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University of Maryland Only Found Out About Corcoran on Wednesday
The Corcoran called off its partnership with UMD moments before it went public with its arrangement with GWU and the National Gallery of Art.
The University of Maryland it was still on track to enter a partnership with the Corcoran yesterday, until administrators got a call from the DC arts institution saying the engagement was off in favor of a plan to join up with the National Gallery of Art and George Washington University instead, the school’s president, Wallace Loh, writes in an email to his faculty and staff.
In the email, obtained by Washingtonian, Loh writes that UMD officials met with the Corcoran as recently as two weeks ago to continue hammering out the details of an arrangement the two institutions. The sides met last December, with UMD proposing “shared decision-making and shared responsibilities” for managing the Corcoran’s gallery and art school and that it would front most of estimated $130 million to renovate the Corcoran’s Beaux Arts landmark building.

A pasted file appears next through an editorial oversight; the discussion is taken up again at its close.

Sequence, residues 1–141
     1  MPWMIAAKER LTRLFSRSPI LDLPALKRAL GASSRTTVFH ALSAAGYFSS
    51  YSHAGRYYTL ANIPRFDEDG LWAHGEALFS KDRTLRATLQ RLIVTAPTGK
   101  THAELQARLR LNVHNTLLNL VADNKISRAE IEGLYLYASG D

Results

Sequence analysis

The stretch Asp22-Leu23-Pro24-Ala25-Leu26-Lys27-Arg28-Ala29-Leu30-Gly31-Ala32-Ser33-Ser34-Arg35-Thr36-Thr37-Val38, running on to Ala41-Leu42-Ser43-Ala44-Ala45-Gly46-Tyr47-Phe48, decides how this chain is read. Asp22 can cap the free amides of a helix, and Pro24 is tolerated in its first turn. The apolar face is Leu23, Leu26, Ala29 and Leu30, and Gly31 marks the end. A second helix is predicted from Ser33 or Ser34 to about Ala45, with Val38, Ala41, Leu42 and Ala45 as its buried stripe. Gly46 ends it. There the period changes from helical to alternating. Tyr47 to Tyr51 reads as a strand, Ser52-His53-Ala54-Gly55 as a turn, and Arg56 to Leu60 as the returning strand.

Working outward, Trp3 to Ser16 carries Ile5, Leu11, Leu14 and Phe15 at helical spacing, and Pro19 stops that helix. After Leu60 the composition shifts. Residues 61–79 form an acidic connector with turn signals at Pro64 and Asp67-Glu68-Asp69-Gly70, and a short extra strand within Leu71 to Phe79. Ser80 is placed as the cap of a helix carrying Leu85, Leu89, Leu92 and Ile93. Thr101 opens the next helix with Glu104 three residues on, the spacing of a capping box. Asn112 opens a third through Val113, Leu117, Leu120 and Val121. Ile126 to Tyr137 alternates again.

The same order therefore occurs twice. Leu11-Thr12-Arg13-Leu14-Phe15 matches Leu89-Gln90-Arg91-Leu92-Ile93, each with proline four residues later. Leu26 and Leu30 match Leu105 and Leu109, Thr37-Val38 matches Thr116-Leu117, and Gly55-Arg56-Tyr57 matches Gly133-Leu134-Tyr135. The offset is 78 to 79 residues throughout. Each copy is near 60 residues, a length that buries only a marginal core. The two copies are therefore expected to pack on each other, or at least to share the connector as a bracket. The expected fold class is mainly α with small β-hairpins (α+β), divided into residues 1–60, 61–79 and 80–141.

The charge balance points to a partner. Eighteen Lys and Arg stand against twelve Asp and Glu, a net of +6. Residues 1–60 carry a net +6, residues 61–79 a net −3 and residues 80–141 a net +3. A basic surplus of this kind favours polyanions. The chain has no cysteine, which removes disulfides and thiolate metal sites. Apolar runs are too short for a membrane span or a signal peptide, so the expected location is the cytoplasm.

Loh also writes that since last summer, several of UMD’s academic deans consulted the Corcoran on a pro bono basis. But UMD’s involvement wasn’t entirely free-of-cost, he says, with the university hiring consultants and lawyers of its own for advice on how a potential merger would navigate federal, Maryland, and District law.
“Any due diligence on any potential project—whether it is eventually successful or not—costs money to perform: personnel salaries, external consultants’ fees, etc.,” Loh tells Washingtonian in an email. “These are the usual costs of doing business.”
But Loh says he found out abruptly. “It was a short phone call,” he writes. “They said they were going to ‘partner’ with NGA and GWU. I learned the details about this ‘partnership’ from reading the newspapers.”